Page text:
I took my first personality test in high school. As a 16-year old growing up in the early 70s in San Francisco, I was idealistic and wanted to save the world. I believed I had all of the answers. I had decided I wanted to be President of the United States. My test results were surprising, yet in a lot of ways, very close to who I was at the time and what I was striving to be. The test suggested that I should first become a priest, then an attorney, and lastly a minister. I suppose I received these outcomes in response to some of the questions in which I had chosen to “walk a little old lady across the street” rather than “change a light bulb.”
I had pursued a political career and was on the right track with securing the right supporters who could have led me to at least a successful locally elected political position. However, I ultimately chose a different party direction. This led me to an unsuccessful run for office, and a decision to move on from politics.
After taking a position in the food service industry, I quickly found that I had the ability to sell. We turned a two-person firm and eventually grew to 35 employees, rapidly becoming one of the largest independent food service firms in the Bay Area. I loved to sell, provide quality service to my clients, and especially loved the chase to secure new business.
Like most of us who enter a career in real estate, I found my way into the field in 1984 completely by chance. I chose to work for independent firms until I eventually started our current firm, Starboard TCN Worldwide, in 1991. It was at Starboard when I took my second personality profile test. We had made a decision to hire all new agents after successfully taking the Caliper Test and hiring only those who proved to have had the sales profile we had wanted. All new recruits were required to take this test.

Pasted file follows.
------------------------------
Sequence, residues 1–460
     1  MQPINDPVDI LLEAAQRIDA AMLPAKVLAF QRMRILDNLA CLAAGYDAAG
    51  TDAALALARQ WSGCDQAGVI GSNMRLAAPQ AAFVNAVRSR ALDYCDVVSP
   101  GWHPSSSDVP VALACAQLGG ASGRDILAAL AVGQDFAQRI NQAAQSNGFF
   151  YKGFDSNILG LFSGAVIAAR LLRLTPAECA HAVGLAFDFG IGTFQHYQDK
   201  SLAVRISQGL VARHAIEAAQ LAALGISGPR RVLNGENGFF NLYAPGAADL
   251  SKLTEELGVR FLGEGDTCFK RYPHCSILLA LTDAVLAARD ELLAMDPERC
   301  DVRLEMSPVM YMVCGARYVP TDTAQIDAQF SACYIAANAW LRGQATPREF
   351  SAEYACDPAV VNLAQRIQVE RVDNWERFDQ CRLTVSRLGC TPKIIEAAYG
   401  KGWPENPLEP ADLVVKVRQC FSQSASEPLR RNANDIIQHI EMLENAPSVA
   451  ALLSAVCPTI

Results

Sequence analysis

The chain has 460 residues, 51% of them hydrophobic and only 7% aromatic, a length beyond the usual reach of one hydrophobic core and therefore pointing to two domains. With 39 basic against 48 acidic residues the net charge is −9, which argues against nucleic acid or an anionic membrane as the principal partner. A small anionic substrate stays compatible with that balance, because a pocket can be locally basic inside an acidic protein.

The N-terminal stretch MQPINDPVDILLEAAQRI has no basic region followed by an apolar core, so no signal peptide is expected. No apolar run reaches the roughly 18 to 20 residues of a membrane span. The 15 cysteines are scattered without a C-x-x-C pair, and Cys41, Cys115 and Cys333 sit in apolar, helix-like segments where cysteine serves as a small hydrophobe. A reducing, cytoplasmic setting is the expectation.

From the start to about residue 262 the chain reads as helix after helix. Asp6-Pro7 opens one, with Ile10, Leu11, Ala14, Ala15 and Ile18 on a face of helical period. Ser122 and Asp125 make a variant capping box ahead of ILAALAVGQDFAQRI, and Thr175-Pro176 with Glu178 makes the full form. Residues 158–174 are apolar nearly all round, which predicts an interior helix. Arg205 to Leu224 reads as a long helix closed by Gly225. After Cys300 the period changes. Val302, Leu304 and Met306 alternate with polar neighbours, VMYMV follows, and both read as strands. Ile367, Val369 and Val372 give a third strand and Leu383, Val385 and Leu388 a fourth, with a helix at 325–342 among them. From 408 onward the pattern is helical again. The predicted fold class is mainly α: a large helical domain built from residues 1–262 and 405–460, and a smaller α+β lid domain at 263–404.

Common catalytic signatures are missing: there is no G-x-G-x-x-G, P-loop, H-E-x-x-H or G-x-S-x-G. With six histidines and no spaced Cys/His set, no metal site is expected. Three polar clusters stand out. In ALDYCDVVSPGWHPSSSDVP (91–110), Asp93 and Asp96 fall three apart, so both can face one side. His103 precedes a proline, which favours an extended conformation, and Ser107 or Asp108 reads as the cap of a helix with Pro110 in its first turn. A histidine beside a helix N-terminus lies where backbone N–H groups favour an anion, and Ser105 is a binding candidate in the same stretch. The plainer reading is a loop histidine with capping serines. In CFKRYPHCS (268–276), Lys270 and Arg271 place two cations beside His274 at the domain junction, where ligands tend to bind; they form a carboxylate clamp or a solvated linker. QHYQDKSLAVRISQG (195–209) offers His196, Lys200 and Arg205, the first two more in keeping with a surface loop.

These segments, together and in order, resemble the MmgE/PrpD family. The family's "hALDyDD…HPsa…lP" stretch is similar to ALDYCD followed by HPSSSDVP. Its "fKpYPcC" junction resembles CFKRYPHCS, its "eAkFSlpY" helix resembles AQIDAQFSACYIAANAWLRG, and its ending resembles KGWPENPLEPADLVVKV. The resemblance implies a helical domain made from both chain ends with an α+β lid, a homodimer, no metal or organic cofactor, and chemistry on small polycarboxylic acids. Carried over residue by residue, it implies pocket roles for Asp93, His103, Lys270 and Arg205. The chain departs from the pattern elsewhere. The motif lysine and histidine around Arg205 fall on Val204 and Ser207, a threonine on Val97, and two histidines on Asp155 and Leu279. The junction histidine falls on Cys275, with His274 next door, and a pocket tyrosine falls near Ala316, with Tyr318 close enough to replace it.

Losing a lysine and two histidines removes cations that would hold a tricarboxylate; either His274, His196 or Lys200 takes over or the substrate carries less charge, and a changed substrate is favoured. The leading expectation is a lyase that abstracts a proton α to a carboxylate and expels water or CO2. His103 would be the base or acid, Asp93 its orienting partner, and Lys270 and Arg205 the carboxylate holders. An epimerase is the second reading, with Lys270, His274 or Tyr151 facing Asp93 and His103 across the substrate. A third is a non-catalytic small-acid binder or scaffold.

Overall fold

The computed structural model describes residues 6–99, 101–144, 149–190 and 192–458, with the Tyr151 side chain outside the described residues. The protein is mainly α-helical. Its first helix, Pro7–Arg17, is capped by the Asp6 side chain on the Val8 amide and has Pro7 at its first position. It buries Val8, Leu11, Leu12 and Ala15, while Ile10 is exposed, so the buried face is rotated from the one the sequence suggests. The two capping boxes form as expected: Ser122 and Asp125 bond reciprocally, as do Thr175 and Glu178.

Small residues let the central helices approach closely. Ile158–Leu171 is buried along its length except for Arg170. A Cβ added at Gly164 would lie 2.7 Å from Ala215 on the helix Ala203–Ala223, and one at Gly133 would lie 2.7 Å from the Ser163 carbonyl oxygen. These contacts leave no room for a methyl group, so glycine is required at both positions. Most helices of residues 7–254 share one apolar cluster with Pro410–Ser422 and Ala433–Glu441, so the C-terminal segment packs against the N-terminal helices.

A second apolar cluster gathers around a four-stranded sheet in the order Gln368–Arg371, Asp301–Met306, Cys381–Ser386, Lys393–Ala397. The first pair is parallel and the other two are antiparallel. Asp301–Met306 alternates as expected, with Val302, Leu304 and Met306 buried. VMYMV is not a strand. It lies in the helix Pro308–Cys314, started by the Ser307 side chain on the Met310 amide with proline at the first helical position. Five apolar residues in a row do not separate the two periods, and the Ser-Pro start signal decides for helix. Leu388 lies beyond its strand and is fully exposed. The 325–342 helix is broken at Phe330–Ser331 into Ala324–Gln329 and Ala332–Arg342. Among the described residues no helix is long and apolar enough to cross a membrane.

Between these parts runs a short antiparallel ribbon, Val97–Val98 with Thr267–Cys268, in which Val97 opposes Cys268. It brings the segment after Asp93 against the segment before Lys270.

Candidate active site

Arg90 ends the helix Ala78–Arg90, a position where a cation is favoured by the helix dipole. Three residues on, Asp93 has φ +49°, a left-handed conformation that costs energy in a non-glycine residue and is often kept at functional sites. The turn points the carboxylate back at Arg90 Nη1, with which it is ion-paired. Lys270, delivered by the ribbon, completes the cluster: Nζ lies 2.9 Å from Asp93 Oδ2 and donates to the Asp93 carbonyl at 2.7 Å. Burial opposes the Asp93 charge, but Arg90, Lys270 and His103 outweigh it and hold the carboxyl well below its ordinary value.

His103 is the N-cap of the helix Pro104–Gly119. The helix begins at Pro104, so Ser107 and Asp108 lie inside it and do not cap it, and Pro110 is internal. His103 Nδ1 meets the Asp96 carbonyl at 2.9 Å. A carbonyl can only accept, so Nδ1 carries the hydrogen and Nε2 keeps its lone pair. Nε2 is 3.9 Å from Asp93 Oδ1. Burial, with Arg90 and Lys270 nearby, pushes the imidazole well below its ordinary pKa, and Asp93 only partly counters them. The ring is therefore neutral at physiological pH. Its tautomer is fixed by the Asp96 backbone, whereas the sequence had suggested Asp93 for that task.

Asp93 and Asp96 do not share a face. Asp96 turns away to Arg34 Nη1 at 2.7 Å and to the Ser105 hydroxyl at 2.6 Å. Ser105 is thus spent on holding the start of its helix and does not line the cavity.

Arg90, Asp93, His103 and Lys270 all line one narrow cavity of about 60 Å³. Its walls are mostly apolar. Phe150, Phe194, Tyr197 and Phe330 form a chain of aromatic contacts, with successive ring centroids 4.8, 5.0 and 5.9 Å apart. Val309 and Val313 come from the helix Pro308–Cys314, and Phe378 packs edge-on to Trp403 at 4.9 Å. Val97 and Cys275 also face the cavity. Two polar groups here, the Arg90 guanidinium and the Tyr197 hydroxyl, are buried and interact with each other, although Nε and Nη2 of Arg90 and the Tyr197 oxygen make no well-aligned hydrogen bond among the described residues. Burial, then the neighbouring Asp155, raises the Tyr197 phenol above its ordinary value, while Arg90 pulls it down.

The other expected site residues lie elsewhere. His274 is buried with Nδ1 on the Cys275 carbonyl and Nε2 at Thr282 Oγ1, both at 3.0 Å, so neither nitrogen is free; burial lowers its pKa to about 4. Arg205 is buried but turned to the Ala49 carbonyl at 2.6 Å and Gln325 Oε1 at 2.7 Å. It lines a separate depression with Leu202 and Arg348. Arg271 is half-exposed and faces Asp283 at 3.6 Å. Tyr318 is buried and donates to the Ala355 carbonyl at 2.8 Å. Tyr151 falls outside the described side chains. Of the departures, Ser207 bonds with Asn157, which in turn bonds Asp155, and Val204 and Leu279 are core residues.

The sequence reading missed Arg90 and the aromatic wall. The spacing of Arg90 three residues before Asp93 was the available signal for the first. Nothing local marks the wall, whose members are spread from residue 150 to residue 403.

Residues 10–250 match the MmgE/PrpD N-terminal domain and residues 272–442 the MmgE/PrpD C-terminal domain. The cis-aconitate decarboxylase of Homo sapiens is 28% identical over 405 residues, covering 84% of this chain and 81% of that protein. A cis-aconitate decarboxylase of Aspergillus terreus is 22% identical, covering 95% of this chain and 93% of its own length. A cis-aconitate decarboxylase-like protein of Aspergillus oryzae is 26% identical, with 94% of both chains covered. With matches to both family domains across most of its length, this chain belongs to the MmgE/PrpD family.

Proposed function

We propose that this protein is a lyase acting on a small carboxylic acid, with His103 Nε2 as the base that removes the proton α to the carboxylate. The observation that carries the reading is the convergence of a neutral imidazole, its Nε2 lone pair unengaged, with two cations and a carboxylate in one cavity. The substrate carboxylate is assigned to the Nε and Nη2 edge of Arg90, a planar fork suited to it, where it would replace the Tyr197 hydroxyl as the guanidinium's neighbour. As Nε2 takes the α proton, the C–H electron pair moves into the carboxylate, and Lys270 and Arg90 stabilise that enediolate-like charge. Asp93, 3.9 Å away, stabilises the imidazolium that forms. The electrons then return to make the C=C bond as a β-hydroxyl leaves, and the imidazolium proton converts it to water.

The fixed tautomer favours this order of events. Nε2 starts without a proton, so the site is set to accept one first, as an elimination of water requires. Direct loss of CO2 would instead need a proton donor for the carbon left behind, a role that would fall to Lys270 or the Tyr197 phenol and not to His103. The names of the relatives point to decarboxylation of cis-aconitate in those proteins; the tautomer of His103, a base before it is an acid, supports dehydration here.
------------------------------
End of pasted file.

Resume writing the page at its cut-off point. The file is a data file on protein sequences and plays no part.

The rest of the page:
The results were very interesting and extremely valuable to our hiring process. When I had taken the personality test at Starboard, I again scored results indicative of a salesperson. My strengths included assertiveness, aggressiveness and service– all key components to an exceptional sales profile.
Most recently, I took the 16Personalities test. This test is intended for today’s millennials. The online exam assigns you a character. My character was a campaigner. After 40 years, I learned that my true goal was not to become President of the United States, but just campaign for the position. Indeed I am a campaigner, I love shaking hands, making speeches, kissing babies, and serving clients. In the end however, my true passion was a fit for sales.
Learning who you are key for not only your employer, but to achieve success find overall happiness in life. One of my son’s friends in college was asked by my wife what he was studying. He indicated accounting and she asked if he liked it. He honestly told us, “no.” She then asked why he was then taking accounting courses and he responded, “Because you can make a lot of money doing it.”
A friend of mine had spent the better part of 30 years trying to make it in sales with margin success. I introduced him to the 16Personalities test and he learned that he has a logistics personality, which is as far out from sales as anyone can get.
Happiness in your career path is essential to succeeding in whatever career path you choose. Therefore, I strongly advise everyone takes a personality profile test to better understand your strengths and while career path is best suited for you.
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